My Man just recently showed me how to cut with
our his compound miter saw. It was intimidating, but not as much as a circular saw is to me. I now had the ability to cut boards, but not boards that are too wide. My first attempts were not promising. I could not get the boards to be the length I needed them to be. That, my friends, is a big problem in the world of building. I’m pretty sure.
This second project turned out so much better. This is what I did differently; maybe it will help you:
- ALWAYS assume your boards come home with you NOT square. Check the ends with your square and slice off a sliver to square them up.
- Don’t use the laser.
- Make sure whatever you are using to support your boards as you cut are the same height as the deck of your saw. I use shoe boxes. My Man tells me that two 2x4s on top of each other are the perfect height.
- If you have boards that need to be the exact same length, cut one to perfection and use it as your ruler. Make sure you use the same board each time–don’t switch as you cut them. Match up the ends (run your finger across both until you can’t tell it’s two boards), mark your line, check that it’s square, and cut.
- Know which side of the line you should be cutting on. If you keep cutting the wrong side, make a “<” mark on the side of the line the blade should go on.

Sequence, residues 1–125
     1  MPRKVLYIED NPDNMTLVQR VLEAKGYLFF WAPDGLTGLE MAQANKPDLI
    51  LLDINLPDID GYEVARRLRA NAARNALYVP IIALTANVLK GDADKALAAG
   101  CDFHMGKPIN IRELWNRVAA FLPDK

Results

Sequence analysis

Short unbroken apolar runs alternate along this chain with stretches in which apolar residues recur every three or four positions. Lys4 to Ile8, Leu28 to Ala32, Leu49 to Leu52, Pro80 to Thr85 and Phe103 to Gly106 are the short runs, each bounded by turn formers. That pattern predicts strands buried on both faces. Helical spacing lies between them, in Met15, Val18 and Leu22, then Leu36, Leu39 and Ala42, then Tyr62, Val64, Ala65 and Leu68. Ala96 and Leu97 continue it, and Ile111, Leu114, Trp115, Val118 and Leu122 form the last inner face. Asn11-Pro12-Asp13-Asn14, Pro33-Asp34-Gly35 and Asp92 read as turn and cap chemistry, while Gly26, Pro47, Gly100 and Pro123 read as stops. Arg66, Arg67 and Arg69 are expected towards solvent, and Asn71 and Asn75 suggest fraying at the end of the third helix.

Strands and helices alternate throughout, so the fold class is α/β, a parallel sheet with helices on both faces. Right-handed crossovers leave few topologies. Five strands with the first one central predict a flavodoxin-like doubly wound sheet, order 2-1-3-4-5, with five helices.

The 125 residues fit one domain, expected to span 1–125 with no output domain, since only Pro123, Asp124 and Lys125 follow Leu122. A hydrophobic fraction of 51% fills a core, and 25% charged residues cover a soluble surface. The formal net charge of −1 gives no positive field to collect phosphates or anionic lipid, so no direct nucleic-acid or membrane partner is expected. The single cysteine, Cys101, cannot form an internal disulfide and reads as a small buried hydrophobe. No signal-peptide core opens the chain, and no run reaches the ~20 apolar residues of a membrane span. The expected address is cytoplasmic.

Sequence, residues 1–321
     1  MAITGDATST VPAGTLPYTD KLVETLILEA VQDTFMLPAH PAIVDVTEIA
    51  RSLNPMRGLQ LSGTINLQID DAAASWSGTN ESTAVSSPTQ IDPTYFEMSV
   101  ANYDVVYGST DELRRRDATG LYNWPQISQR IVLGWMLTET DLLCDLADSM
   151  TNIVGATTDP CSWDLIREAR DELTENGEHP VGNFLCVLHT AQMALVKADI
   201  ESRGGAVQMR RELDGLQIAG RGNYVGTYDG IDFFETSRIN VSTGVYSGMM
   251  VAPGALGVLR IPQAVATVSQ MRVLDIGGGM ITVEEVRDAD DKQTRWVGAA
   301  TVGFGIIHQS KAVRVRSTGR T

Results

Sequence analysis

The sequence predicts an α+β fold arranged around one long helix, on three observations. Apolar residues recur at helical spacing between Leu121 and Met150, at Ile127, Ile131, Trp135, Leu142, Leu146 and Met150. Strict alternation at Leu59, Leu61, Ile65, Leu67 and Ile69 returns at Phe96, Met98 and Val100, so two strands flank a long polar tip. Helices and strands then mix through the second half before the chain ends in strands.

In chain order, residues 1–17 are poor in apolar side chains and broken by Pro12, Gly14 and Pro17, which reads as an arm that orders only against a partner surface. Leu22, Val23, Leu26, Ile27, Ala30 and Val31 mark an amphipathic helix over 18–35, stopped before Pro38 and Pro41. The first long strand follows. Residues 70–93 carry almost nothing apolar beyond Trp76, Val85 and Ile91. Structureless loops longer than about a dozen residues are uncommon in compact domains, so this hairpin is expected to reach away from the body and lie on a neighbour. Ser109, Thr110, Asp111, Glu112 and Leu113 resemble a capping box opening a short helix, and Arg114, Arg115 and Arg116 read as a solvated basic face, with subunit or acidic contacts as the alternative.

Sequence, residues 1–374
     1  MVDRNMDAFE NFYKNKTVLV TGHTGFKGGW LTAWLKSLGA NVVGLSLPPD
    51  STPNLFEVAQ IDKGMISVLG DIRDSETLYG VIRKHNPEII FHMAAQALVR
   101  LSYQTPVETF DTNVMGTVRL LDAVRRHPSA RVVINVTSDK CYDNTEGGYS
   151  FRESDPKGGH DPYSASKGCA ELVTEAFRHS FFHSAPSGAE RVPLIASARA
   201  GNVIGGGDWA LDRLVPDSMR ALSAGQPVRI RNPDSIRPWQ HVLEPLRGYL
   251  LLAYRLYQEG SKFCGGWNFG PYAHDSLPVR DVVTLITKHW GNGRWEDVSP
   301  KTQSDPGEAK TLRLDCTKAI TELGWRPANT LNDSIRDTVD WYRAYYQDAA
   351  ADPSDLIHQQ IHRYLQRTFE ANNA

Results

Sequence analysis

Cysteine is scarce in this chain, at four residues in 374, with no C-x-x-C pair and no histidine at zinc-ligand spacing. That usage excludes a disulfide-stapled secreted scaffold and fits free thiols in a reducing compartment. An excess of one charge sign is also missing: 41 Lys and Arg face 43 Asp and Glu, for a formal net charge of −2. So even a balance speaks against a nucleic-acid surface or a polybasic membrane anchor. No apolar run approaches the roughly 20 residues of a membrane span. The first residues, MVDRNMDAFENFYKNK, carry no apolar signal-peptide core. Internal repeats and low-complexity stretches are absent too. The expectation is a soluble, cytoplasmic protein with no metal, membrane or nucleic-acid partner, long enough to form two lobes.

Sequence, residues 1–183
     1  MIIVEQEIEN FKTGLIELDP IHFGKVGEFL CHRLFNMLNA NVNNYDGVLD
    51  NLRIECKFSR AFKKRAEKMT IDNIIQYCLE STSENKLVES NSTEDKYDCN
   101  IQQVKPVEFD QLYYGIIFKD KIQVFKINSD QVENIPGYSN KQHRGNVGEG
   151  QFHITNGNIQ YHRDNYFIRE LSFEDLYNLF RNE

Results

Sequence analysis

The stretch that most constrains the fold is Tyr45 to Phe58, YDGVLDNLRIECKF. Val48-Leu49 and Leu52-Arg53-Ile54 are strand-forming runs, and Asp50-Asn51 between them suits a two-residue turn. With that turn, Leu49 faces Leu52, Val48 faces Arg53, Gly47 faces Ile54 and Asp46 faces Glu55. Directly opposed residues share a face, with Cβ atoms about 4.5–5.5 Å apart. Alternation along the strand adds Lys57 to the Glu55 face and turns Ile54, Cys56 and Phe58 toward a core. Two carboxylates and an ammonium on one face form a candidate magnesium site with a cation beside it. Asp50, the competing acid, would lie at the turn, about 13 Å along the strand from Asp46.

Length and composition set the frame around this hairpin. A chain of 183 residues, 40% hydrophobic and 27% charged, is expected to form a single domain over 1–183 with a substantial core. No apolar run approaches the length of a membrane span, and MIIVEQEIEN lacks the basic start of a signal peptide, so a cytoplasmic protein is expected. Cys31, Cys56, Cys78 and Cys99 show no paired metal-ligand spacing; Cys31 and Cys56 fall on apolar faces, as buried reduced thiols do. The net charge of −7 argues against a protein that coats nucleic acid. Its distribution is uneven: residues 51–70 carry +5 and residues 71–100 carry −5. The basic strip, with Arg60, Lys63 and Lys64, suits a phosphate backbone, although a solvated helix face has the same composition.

- Cut as you go. Don’t make all your cuts before you start the project.
I also bought a new blade–replacing the 40T blade with an 80T. HUGE difference in cut quality. No splintering on the back side of the cut anymore, but always go slow and smooth in your cutting motion because it can still slightly splinter with this blade as well.
Here are the boards for the bottom of the shelves. I cut these at 22.5″:
Make two sets of these.
I used the Kreg Jig to connect the boards with pocket holes. You can see that I had some problems with screws coming up through the bottom. I don’t have this when joining at 90 degrees, but when joining flat pieces it’s a different story… The end result turned out great since you don’t see these when stuff is on the shelf, so I’m happy.
Back of joined shelf showing pocket holes:
When you join boards in this way, make sure that the grain of the wood runs in opposite directions. You can tell this by looking at the end of the board. They should look like this:
- Top shelf is two 1x3s joined to make 5″.
- Middle shelf is the 1×10 to make a 9.25″ shelf.
- Bottom is 4 1x4s joined to make 14″
If your shelves are visible from the floor, I would make the middle shelf joined boards as well. Two 1x3s and one 1×4 would give you the correct depth for my modification. Mine will be elevated above viewing height. I really like the joined-board look in the finished result, and to be honest, I only did that because it was the only way to get the graduated depths I needed without the plywood cutting Ana has in her plans. But it was a bit of a pain with boards that are not perfectly straight to begin with. Due to the cupping in the boards, the joined boards were not completely flat. It was fixable once they were attached to the sides, but it required some patience to attach the sides.
Speaking of attaching the sides, that part comes next!